32 No. 6
Gadolin and the Cradle of the Rare Earths
A seemingly ordinary mine in the small village of Ytterby on Resarö Island, off the coast of Sweden near Stockholm, played a remarkable role in the discovery of the rare earth elements and the development of the periodic table. It was there that Carl Axel Arrhenius, a Swedish artillery officer with a penchant for mineralogy, found in 1787 a strange black dense mineral while prospecting for feldspar. A sample of ytterbite eventually reached Johan Gadolin (1760–1852), a professor of chemistry at the University of Turku in Finland, who reported in 1794 the presence of a new “earth” in the unusual mineral from Ytterby. Although Gadolin had actually isolated yttrium oxide (Y2O3), he is usually credited with the discovery of the element, which was subsequently obtained in fairly pure form by Friedrich Wöhler (1800–1882), better known of course for his synthesis of urea from ammonium cyanate. Three additional rare earth metals named after Ytterby (i.e., ytterbium, terbium, and erbium) were isolated in the decades following Gadolin’s seminal discovery, but it would be more than a century until the complete series of lanthanoid elements was uncovered.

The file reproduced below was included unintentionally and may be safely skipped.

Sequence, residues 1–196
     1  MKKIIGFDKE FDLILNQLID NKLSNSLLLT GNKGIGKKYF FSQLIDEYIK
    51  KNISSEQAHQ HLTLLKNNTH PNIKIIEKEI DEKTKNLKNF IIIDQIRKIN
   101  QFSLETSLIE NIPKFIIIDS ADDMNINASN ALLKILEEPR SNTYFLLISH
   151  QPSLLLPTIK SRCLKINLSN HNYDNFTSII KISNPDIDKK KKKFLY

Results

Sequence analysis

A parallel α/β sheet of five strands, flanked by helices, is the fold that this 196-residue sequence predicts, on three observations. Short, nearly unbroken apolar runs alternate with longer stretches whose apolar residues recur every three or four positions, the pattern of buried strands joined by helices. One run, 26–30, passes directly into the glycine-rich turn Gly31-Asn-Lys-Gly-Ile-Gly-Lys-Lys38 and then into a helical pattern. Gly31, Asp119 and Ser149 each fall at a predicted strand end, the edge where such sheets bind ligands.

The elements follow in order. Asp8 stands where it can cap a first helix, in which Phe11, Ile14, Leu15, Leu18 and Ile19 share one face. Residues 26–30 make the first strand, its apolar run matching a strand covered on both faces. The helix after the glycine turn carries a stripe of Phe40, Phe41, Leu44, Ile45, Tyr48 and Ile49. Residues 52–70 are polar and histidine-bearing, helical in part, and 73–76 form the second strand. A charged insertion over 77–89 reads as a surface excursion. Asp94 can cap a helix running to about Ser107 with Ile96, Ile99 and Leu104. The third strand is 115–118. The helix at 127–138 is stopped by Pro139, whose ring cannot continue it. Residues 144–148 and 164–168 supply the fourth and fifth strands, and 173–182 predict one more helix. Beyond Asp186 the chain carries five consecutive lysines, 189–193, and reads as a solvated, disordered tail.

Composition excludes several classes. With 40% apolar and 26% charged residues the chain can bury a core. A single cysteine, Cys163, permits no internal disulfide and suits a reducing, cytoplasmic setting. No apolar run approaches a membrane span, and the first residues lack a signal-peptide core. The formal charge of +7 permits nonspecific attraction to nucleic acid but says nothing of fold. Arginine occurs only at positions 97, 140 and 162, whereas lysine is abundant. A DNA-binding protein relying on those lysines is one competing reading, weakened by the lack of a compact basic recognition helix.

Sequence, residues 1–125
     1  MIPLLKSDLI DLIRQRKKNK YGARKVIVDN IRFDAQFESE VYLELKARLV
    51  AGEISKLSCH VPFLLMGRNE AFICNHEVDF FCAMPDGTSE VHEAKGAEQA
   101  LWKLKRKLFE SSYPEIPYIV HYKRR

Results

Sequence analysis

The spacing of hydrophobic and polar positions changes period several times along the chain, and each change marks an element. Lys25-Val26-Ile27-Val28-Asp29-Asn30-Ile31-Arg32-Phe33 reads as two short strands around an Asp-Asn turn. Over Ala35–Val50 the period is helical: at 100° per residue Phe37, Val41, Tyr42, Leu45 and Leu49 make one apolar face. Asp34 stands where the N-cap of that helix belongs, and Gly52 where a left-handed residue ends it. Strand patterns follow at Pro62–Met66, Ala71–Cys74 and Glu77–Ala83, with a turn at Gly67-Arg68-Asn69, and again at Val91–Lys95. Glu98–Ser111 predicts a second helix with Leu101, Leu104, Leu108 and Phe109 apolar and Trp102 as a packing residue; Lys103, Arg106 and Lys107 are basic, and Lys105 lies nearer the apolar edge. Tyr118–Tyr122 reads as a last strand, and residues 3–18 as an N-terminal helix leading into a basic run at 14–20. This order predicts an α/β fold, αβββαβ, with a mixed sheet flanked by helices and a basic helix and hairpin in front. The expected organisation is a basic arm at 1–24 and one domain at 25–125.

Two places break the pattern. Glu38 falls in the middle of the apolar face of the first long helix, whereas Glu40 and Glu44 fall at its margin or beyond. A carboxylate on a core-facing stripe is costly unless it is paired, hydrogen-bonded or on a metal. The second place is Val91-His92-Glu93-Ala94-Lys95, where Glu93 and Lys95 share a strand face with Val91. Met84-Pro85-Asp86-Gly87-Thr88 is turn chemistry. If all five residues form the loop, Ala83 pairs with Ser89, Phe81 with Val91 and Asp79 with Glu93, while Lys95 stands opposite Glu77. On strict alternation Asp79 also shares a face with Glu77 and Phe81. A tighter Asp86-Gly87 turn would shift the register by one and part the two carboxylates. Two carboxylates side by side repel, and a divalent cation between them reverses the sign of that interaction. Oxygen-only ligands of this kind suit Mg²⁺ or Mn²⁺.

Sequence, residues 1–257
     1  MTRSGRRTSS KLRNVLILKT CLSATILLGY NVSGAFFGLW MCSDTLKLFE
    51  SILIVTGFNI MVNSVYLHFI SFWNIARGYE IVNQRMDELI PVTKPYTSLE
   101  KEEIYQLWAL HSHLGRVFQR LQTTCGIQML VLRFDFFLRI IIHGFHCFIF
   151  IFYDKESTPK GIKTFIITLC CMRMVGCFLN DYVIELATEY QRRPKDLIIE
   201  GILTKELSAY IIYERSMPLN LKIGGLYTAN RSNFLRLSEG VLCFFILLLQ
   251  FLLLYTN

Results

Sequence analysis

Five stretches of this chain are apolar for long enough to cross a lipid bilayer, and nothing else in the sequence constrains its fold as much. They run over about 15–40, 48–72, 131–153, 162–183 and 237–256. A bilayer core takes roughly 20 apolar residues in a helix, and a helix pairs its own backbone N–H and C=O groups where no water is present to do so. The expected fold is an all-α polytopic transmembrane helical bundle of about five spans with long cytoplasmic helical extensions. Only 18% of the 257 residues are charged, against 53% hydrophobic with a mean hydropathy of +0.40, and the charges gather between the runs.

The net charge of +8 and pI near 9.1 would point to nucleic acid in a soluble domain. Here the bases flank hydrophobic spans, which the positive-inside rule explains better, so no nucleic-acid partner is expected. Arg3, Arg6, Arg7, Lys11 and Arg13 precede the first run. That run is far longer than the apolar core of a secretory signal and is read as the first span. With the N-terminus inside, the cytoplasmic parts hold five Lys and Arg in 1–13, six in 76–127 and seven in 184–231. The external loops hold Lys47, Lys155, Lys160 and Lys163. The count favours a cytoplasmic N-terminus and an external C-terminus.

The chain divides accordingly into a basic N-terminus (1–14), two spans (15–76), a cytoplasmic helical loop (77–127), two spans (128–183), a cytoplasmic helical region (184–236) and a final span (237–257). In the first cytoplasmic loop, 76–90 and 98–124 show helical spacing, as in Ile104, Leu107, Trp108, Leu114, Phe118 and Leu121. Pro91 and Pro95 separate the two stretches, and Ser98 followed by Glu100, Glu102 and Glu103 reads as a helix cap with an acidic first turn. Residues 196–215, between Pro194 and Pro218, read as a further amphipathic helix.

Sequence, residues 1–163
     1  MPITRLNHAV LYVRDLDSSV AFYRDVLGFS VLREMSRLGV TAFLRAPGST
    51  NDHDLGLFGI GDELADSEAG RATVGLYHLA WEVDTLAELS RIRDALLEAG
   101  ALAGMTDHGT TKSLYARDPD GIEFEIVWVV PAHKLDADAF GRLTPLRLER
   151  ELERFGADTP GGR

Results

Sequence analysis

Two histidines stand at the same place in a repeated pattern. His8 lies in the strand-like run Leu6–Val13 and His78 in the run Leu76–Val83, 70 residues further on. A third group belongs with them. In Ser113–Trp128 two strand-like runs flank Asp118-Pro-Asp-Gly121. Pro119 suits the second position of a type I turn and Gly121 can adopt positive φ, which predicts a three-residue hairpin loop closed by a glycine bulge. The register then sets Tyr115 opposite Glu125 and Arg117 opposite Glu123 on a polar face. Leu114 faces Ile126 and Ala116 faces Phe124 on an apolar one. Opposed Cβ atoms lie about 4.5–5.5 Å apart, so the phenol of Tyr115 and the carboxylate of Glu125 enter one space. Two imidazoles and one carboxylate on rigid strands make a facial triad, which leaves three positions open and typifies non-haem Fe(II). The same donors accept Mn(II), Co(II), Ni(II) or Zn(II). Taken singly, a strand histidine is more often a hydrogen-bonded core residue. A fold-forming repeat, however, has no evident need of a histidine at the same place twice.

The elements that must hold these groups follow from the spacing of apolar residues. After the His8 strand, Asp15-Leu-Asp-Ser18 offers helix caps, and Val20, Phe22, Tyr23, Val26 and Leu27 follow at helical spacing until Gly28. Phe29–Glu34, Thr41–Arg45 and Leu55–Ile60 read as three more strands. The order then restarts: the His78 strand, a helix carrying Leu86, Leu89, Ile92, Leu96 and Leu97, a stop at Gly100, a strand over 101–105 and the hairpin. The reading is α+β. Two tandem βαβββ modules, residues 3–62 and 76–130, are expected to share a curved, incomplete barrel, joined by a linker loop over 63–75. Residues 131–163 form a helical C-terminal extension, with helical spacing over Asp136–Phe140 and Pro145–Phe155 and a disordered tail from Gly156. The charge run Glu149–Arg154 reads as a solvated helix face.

The stamp illustrated herein was issued in Finland on 4 June 1960 to celebrate the bicentennial of Gadolin’s birth and features his likeness based on a portrait made when he was 19 years old, around the time he left his native Turku to pursue advanced studies at the University of Uppsala. In addition to the discovery of yttrium, Gadolin authored several books, including the first chemistry textbook published in Scandinavia, and pioneered the direct involvement of students in experimental work as part of their education. Not surprisingly, he received many academic honors and is usually considered the founder of Finnish chemistry. The element gadolinium, compounds of which are the most popular magnetic resonance imaging (MRI) contrast agents used today, was named after him.
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last modified 22 November 2010.
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